Yawning: An evolutionary perspective

Abstract

Yawning is a ubiquitous activity among humans, nonhuman primates, mammals, birds and other vertebrates. Comparative analysis suggests that yawning has two major features: (1) communication — whereby the behavior of other individuals is affected, and (2) direct physiological benefit — whereby the organism is receiving some direct physiological benefit from yawning. Various functional hypotheses used to explain yawning in an evolutionary context are reviewed. The contagious nature in humans and the manifest lack of contagion in other species suggests that yawning in humans has a different and as yet poorly understood evolutionary history.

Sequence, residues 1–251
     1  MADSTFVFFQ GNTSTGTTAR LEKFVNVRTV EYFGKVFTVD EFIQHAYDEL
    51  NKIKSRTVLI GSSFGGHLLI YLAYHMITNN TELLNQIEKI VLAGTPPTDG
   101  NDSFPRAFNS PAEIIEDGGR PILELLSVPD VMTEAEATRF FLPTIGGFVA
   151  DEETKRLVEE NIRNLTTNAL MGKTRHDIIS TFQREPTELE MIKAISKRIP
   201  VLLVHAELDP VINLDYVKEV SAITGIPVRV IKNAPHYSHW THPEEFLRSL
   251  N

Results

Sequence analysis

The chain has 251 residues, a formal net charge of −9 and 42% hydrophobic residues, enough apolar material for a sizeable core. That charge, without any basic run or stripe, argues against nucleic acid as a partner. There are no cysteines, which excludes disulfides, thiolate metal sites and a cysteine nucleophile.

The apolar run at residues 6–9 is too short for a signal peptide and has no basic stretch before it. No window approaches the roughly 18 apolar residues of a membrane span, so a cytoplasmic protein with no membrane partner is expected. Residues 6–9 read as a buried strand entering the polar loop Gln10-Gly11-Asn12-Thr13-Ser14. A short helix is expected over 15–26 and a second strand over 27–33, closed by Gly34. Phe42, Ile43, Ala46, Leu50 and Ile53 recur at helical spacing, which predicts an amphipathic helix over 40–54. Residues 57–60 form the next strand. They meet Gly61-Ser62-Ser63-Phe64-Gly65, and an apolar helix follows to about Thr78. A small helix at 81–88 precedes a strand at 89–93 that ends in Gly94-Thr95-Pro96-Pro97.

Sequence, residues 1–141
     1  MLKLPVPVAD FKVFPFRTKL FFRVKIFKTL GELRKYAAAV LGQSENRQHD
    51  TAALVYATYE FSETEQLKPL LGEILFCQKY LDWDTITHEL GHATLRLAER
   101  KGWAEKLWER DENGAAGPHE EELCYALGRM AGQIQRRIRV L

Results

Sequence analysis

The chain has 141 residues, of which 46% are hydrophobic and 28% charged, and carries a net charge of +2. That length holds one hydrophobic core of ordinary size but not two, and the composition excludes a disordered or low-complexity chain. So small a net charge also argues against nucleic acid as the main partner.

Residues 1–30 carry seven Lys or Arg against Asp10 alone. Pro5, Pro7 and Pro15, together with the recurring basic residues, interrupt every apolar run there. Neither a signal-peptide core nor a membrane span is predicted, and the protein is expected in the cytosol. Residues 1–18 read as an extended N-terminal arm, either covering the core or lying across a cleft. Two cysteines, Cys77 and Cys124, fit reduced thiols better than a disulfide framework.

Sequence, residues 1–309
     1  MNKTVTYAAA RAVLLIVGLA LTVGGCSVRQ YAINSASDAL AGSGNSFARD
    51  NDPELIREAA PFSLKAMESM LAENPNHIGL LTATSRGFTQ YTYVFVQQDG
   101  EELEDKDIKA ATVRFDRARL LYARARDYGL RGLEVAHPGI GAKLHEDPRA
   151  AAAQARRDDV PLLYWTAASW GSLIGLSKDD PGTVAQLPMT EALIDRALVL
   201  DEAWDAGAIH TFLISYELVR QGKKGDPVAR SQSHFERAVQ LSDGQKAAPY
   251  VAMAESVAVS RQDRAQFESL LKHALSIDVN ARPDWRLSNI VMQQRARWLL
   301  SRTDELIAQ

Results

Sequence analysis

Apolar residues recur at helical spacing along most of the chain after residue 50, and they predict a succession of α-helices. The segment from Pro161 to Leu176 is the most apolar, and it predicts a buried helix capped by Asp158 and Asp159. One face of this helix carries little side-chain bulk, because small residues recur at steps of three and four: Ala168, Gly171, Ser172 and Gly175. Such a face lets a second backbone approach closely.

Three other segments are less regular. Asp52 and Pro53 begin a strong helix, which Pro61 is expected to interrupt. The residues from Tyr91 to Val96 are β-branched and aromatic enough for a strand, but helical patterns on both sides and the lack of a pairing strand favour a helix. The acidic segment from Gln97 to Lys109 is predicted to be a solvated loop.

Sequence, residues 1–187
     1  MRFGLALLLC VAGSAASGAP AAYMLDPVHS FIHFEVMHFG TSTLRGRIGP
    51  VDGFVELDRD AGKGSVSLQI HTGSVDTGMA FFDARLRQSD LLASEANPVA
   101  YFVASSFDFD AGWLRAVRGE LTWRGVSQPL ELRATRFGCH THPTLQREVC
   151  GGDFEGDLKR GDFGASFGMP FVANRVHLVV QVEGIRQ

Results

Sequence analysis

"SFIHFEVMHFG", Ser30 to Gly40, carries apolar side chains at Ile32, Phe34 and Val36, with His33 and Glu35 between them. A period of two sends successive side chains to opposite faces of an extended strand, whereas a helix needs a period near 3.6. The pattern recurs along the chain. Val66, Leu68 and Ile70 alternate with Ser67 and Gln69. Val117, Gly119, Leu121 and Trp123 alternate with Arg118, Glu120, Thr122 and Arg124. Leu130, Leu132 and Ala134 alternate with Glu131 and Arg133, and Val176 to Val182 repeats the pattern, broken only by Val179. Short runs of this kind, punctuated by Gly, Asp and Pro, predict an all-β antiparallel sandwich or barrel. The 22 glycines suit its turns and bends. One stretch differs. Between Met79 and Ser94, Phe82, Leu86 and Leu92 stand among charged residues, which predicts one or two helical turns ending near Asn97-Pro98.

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Smith, E.O. Yawning: An evolutionary perspective. Hum. Evol. 14, 191–198 (1999). https://doi.org/10.1007/BF02440156

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Key words

  • Complex reflex
  • yawning
  • gaping
  • proximate causation
  • ultimate causation